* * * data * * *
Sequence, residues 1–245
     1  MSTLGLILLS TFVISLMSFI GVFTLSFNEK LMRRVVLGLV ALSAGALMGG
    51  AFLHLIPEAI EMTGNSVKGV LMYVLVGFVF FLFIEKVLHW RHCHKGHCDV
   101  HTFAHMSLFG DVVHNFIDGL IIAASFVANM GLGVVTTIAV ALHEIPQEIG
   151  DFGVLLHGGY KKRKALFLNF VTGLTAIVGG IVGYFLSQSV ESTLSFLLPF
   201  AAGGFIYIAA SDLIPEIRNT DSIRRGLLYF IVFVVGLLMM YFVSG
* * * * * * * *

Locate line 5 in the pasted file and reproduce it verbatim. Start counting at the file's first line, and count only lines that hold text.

   151  DFGVLLHGGY KKRKALFLNF VTGLTAIVGG IVGYFLSQSV ESTLSFLLPF